When you think of parks, whether Yosemite or your corner playground, you probably think of them as quintessentially public institutions—as the Ken Burns documentary puts it, “America’s best idea.” And while parks are indeed public institutions, a great many owe their existence, growth, and endurance to the generosity of creative donors.
The grandfather of park philanthropy
John D. Rockefeller Jr. was the most prolific donor of American parks, and his most iconic contribution was to help secure Grand Teton National Park. The Teton range itself had been protected in 1929, but Rockefeller recognized that the mountains “are seen at their best from the Jackson Hole Valley,” which is also “the natural and necessary feeding place for the game which inhabits Yellowstone Park and the surrounding region.” So Rockefeller began buying land from willing sellers until he owned 35,000 acres—most of the valley. He eventually donated the land and large alpine lakes at the foot of the mountains to the National Park Service, in 1949, in what historian Robert Righter has called “perhaps the most notable conservation victory of the twentieth century.”
The wild, wild east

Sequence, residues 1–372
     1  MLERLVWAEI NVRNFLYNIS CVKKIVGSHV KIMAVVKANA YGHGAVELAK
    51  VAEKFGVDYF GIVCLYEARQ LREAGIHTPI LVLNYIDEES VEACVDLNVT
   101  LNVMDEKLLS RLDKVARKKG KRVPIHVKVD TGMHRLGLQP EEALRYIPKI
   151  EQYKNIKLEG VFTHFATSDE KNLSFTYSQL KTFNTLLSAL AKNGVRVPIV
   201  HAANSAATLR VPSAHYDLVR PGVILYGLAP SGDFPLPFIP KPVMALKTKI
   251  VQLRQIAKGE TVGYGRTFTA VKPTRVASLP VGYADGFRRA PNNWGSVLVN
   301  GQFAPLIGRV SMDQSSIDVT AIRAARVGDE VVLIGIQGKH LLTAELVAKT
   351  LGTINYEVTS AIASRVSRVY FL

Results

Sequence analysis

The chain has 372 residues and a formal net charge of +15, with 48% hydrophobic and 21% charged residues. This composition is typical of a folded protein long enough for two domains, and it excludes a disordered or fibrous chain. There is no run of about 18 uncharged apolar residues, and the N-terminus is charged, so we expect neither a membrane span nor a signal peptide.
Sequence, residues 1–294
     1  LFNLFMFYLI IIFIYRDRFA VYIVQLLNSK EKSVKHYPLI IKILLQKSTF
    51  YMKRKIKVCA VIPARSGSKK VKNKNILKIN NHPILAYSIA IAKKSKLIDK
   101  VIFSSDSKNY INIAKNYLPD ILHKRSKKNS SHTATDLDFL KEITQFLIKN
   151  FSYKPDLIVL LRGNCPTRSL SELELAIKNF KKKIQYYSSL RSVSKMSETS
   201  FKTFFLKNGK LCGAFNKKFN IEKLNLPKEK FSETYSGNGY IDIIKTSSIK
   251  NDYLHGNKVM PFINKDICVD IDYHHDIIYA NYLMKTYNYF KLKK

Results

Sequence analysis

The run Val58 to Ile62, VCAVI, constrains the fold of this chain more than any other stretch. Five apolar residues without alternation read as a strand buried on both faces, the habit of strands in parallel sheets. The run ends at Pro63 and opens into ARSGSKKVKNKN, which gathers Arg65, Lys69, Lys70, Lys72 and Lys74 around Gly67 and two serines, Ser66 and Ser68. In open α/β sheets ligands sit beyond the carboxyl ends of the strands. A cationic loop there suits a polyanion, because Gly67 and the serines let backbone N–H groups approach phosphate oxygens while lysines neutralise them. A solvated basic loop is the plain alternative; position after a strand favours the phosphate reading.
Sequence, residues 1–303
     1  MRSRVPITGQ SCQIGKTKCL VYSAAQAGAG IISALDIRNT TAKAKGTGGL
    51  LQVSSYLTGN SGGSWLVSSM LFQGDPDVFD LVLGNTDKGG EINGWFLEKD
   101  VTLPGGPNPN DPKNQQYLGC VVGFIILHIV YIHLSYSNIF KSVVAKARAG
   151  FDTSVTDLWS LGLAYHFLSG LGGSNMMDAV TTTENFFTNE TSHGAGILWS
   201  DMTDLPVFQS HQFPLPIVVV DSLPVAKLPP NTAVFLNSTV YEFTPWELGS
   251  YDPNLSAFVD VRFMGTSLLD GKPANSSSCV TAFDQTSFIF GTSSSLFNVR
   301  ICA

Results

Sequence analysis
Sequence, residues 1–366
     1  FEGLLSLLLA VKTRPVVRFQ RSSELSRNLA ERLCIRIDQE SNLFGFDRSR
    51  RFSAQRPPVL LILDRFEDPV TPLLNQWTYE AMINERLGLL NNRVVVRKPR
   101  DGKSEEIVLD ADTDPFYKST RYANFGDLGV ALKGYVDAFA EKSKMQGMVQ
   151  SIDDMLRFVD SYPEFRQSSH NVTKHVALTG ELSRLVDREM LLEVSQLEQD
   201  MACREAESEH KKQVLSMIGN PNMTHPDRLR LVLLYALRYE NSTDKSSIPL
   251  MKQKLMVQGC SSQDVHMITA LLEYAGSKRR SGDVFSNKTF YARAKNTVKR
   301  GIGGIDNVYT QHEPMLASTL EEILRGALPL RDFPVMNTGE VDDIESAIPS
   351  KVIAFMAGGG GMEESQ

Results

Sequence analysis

Mount Katahdin—just shy of a mile high, Maine’s loftiest point, and the northern terminus of the Appalachian Trail—is the iconic centerpiece of Baxter State Park. One might assume that a park named for former Maine governor Percival Baxter is a product of political patronage, but Katahdin’s preservation is actually a story of private philanthropic initiative. The Portland-born Baxter had spent his boyhood summers fishing and exploring in Maine’s deep woods, and during his time as governor from 1921 to 1925, he tried to persuade legislators to acquire and conserve the land around Katahdin for the people of Maine. But that effort failed. So after leaving office Baxter put his considerable wealth where his mouth was. In 1930, he bought Katahdin and the surrounding land and gave it to the state. Over the next three decades, he pieced together more than 200,000 acres—encompassing 40 separate peaks, hundreds of lakes, streams, and waterfalls, and abundant wildlife—and deeded them all to his Maine neighbors. He also donated a $7 million trust fund to manage the park, and a thoughtful plan designating different sections for various public uses: hunting and trapping here, wildlife sanctuary there, 30,000 acres as a showplace of managed timbering, 215 miles of trails, and ten campgrounds. In Baxter’s own words, Katahdin “in all its glory forever shall remain the mountain of the people of Maine,” thanks to private initiative.